PRESIDENT'S VISION

Uhuru Gardens park of history and heroes takes shape

An impromptu visit by President Kenyatta in August last year made it a no-go zone, ending all merrymaking

In Summary

• It will be  Kenya's largest memorial park, honouring heroes, showcasing history and attracting commerce and conventioneers. 

• Plans to set up a government museum, shopping complex, business complex convention centre and hotel, many attractions.

More than a year ago, Uhuru Gardens was a place of merrymaking, picnicking, lovemaking after dark and all forms of enjoyment.

Located along Lang’ata Road, the garden by day was the perfect picnic site for families and for many schools.

Other people drank, chewed miraa and smoked bhang.

The garden has three monuments, the Fig Tree or Mugumo Tree, the 20th Anniversary Monument and the 25th Anniversary Monument.

A Mugumo tree, sacred to a number of groups, was planted by President Jomo Kenyatta . It was declared a national monument in 1966, three years after the Kenyan flag was hoisted there on Independence Day, December 12, 1963.

A section of Uhuru Gardens where a museum, hotel and other facilities are being built in a tribute to history and heroes. Seen on November 31.
MUSEUM: A section of Uhuru Gardens where a museum, hotel and other facilities are being built in a tribute to history and heroes. Seen on November 31.
Image: MERCY MUMO

An impromptu visit by President Uhuru Kenyatta in August last year made the garden a no-go zone for all merrymakers.

The President  rrived in an unmarked car drove into the Gardens where a witness said that a guard even asked Uhuru for tip to let him in the gardens. He didn't know he was being tipped by the President.

Uhuru gave him a tip and he was shown where to park.

The President toured the park with at least one bodyguard before he made calls, it is said, to Chief of Defence Forces General Robert Kibochi and others.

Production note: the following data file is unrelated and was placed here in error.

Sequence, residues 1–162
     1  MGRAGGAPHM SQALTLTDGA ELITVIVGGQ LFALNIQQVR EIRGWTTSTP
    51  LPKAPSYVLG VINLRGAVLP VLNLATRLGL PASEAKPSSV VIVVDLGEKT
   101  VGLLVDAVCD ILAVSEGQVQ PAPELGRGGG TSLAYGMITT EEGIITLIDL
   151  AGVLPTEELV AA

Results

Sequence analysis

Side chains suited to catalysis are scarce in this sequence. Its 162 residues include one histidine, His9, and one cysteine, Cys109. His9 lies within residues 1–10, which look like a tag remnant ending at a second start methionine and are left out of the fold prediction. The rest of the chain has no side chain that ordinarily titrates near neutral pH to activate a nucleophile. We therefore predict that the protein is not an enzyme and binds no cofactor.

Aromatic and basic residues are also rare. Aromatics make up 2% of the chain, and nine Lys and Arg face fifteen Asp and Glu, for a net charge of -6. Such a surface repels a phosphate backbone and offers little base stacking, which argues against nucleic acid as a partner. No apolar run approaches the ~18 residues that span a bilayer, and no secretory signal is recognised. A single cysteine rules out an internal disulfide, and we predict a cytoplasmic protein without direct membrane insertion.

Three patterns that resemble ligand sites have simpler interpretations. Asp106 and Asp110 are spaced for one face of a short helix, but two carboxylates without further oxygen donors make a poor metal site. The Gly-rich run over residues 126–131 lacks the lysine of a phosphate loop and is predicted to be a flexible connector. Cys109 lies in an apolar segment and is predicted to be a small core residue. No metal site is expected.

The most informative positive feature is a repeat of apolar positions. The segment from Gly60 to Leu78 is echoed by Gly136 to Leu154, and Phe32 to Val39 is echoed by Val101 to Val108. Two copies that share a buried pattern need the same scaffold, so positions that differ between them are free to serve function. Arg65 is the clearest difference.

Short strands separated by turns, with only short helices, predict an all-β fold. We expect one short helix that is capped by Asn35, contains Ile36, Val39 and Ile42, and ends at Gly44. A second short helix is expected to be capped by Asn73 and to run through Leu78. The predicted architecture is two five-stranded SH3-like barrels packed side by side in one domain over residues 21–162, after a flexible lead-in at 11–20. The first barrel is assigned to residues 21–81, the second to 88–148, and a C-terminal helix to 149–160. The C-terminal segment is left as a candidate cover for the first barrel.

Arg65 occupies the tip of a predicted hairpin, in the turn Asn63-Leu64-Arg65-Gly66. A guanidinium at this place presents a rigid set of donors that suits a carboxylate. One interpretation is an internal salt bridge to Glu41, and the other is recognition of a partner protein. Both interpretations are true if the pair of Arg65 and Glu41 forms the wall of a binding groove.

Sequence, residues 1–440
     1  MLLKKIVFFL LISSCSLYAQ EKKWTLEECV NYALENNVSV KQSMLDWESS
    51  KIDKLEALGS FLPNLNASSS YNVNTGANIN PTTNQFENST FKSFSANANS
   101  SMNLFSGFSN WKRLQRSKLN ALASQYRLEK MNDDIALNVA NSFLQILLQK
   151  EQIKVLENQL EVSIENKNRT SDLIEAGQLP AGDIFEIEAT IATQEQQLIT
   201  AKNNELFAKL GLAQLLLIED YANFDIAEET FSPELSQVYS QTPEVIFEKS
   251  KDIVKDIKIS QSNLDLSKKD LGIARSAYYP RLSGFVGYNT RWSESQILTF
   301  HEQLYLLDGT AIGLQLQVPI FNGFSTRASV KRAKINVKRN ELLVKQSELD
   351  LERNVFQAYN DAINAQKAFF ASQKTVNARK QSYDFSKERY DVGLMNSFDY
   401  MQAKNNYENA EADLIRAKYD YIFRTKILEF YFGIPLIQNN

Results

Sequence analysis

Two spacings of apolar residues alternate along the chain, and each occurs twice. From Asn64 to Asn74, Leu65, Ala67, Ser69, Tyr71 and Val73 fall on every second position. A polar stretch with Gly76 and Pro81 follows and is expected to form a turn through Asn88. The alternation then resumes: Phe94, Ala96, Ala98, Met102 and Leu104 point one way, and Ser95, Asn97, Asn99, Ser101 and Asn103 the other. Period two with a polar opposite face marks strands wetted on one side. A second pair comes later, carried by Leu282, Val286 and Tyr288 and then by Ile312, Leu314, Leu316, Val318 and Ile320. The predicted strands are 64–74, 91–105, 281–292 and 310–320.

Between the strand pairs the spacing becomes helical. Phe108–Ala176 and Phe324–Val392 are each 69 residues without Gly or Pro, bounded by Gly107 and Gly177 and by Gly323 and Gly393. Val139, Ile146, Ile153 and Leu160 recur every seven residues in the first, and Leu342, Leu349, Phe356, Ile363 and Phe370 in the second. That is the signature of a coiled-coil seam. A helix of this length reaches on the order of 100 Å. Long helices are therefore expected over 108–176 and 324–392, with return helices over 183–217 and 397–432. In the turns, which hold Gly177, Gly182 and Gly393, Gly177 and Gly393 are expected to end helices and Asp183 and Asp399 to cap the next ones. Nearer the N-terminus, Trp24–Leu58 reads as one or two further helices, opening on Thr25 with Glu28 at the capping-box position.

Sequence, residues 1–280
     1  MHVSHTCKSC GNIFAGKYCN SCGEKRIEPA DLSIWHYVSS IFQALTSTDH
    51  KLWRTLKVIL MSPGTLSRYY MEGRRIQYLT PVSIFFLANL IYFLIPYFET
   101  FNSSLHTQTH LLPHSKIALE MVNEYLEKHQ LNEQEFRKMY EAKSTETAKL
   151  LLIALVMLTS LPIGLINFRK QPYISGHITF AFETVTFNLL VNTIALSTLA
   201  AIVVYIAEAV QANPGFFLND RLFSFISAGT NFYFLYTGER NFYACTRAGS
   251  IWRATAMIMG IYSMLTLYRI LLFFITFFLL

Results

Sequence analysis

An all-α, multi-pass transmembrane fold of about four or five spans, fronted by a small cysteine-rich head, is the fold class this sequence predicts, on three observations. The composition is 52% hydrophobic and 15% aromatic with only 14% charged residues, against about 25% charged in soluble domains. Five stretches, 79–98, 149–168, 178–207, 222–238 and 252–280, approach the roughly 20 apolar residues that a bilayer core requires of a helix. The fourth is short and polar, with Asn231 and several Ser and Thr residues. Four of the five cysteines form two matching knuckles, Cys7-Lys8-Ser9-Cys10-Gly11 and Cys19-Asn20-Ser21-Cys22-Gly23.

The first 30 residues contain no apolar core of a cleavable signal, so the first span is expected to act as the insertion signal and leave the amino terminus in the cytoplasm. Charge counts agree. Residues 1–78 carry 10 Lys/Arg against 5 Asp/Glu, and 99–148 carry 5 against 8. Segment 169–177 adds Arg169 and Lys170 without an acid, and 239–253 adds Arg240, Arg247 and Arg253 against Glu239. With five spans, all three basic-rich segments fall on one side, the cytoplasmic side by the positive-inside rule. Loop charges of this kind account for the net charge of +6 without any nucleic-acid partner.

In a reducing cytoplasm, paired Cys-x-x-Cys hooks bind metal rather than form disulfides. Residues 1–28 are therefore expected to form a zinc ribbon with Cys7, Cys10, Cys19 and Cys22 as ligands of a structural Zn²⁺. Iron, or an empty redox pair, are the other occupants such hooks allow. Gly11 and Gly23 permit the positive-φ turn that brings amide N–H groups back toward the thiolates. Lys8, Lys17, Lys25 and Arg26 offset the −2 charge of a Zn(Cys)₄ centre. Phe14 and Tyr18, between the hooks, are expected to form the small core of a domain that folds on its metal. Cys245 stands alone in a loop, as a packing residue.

A section of Uhuru Gardens, which is being turned into memorial park with a museum, hotel and other facilities. Seen on November 31.
UHURU GARDENS: A section of Uhuru Gardens, which is being turned into memorial park with a museum, hotel and other facilities. Seen on November 31.
Image: MERCY MUMO

He also called officials at the National Museums and Ministry of Sports and described his vision for the park.

A few days later, tenants were given a day to vacate before the military moved in, fenced it overnight and construction works began.

The plan is to set up a government museum of history, a shopping complex, business complex, convention centre and hotel at Uhuru Gardens.

When the Star visited on Tuesday, construction works appear to be more than half complete. Workers are busy daily.

In July this year, the Star also established that all government agencies had been ordered to gather documents and artefacts for the museum, and explain their significance.

The National Youth Service, Kenya Forest Service , the military, the National Police Service, Kenya Prisons Service, and other uniformed agencies were  saked to write their histories, up to the present.

Once the project is complete, each agency will have a room where they will display their history, including their uniforms and equipment and explain how they have evolved.

The facility will also have a memorial park and a sacred site.

Once complete it will be  Kenya's largest memorial park.

The Mashujaa/Heroes' Corner is under construction.

The convention centre is said to cost Sh60.5 billion.

The new development was to be called the Bomas International Conference and Exhibition Centre.

President plans to inaugurate part of facility on Jamhuri Day, December 12.

(Edited by V. Graham)